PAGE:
A second area in which China's effort stand out is in energy efficiency and conservation. As China is among the biggest energy consumers in the world, its energy efficiency and conservation efforts are significant to global climate change. China's Eleventh Five-Year Plan (2006–2010) set the goal of reducing energy consumption per unit of GDP by 20% by 2020. This was then broken down into provincial and sub-provincial targets, that are being met through a number of strategies, including shutting down small thermal power units (*1) and closing cement, steel, and iron factories that use obsolete and energy inefficient production technologies. In 2008, the country amended its Energy Conservation Law and included a provision to hold provincial officials accountable for targets by linking them to the performance assessment system. This sent strong positive incentives throughout the system, and accelerated progress markedly.
A third area where China's efforts to combat climate change stand out is the renewable sector. While China has worked in this field for many years, in 2006 it promulgated the Renewable Energy Law that for the first time set a target to double the proportion of renewable in the total energy consumption mix, from about 7 percent to 15 percent, by 2020. Investments in renewable, and by 2008 China became the world's biggest investor in clean energy at $34.6 billion, considerably more than the largest developed countries.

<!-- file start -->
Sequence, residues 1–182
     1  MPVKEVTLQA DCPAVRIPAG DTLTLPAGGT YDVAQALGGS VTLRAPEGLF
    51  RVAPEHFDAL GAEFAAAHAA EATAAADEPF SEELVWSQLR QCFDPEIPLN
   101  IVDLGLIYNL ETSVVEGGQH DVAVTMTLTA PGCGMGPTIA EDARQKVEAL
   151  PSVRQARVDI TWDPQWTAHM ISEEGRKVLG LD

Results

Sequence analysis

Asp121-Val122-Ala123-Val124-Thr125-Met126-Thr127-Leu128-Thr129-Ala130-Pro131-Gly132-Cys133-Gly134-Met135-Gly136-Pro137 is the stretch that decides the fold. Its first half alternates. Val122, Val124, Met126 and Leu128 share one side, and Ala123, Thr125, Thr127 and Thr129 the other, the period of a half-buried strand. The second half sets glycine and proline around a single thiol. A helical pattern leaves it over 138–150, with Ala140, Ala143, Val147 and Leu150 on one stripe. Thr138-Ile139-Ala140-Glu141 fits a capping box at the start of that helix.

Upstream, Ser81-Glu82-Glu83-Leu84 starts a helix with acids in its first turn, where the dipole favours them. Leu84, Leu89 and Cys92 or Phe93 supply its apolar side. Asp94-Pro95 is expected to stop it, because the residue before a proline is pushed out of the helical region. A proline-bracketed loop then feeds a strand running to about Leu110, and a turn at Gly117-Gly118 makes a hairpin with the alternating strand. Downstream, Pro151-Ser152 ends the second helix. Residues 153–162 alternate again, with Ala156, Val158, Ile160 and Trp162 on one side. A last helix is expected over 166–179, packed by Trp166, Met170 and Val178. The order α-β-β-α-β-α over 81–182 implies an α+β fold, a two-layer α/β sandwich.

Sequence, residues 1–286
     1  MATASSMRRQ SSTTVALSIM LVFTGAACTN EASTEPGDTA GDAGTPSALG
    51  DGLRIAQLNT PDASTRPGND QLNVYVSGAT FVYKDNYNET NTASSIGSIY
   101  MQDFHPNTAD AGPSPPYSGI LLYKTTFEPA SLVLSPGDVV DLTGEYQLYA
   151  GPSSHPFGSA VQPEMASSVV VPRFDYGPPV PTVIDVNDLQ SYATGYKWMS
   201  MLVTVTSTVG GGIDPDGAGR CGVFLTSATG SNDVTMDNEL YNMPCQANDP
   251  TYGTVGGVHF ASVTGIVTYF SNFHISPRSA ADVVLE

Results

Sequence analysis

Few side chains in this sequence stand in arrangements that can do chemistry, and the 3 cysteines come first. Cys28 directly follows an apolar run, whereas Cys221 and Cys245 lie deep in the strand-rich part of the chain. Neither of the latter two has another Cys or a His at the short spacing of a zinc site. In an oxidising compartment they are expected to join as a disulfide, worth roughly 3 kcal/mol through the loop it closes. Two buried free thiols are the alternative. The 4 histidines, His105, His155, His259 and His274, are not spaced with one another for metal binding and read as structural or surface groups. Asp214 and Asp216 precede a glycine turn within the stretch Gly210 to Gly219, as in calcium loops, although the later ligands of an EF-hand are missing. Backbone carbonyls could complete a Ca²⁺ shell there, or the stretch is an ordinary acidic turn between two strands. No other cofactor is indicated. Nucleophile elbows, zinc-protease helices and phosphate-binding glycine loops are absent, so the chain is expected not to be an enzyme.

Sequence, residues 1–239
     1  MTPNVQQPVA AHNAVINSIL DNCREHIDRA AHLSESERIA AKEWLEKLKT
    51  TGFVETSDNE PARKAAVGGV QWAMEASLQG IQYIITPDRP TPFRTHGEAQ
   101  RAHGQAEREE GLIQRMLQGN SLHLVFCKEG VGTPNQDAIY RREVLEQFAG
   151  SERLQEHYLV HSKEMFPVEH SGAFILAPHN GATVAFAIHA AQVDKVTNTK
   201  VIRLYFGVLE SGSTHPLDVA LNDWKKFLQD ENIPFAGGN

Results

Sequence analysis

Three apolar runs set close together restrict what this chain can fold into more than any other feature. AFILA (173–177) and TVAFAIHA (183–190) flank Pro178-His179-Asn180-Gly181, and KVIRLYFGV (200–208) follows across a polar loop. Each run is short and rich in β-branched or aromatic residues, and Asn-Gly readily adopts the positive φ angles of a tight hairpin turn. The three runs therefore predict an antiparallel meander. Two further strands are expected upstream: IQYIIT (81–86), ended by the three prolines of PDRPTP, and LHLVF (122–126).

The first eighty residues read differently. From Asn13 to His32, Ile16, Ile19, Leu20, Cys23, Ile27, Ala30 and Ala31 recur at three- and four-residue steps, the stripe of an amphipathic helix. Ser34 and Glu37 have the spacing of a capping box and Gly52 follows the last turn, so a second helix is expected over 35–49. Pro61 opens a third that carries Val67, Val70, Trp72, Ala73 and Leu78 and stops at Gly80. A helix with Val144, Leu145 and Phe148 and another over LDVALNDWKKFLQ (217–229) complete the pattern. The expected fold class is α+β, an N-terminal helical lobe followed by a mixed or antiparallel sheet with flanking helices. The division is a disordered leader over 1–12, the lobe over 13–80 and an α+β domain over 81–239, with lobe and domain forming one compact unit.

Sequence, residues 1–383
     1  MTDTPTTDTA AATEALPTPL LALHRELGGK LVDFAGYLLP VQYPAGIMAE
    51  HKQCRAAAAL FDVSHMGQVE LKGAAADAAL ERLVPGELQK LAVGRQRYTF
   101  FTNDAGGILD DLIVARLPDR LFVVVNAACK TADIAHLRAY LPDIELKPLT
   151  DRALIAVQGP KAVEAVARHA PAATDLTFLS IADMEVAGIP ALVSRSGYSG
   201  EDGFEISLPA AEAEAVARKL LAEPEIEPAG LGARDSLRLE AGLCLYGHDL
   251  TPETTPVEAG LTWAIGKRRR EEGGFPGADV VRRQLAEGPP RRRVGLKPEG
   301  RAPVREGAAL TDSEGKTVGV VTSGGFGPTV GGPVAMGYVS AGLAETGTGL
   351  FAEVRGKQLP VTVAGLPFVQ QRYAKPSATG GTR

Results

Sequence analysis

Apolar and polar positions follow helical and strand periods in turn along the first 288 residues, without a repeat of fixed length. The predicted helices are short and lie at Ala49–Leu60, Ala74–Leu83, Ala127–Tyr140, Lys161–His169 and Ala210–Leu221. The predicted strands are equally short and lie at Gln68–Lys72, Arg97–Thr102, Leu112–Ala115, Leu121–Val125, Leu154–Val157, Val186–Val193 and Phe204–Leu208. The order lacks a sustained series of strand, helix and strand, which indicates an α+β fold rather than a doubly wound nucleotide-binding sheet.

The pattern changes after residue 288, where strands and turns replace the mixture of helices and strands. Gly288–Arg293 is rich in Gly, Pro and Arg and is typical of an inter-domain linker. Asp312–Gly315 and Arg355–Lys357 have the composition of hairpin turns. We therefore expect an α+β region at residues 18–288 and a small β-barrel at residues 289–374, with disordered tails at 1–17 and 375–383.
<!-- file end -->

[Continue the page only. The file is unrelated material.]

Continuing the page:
These are three of many areas in which China is trying to address its climate change challenges. UNDP has provided assistance in all of them, through institution building, development of standards, sharing of best practices, creation of enforcement mechanisms at national and sub-national levels, and demonstration projects that test strategies and open up new horizons. In addition to partnering with China to mainstream its response to climate change, UNDP also helped to implement many of the country's relevant national objectives and targets. For instance, through our Provincial Climate Change Programme (2007-2010), 32 provinces/autonomous regions are developing their own climate change programmes, 18 of which have already been approved. In addition, Provincial-level Climate Change-specific Leading Groups have been set up in 22 provinces/autonomous regions to ensure highest level political commitment and oversight.In the field of renewables, UNDP built capacity for technology improvement and market development, accelerating the commercialization of wind, biogas, solar heater technologies and village hybrid power systems. China is now a world leader in the manufacture of renewable energy tefchnologies, with 40% of global market share of solar panels in 2009, 30 percent of the world's wind turbines (up from 10 percent in 2007), and 77 percent of the world's solar hot water collectors. While UNDP's assistance is a modest drop in the ocean when it comes to China, we were working with the government on renewable long before they became fashionable and, we believe, helped move them onto the radar screens of decision-makers.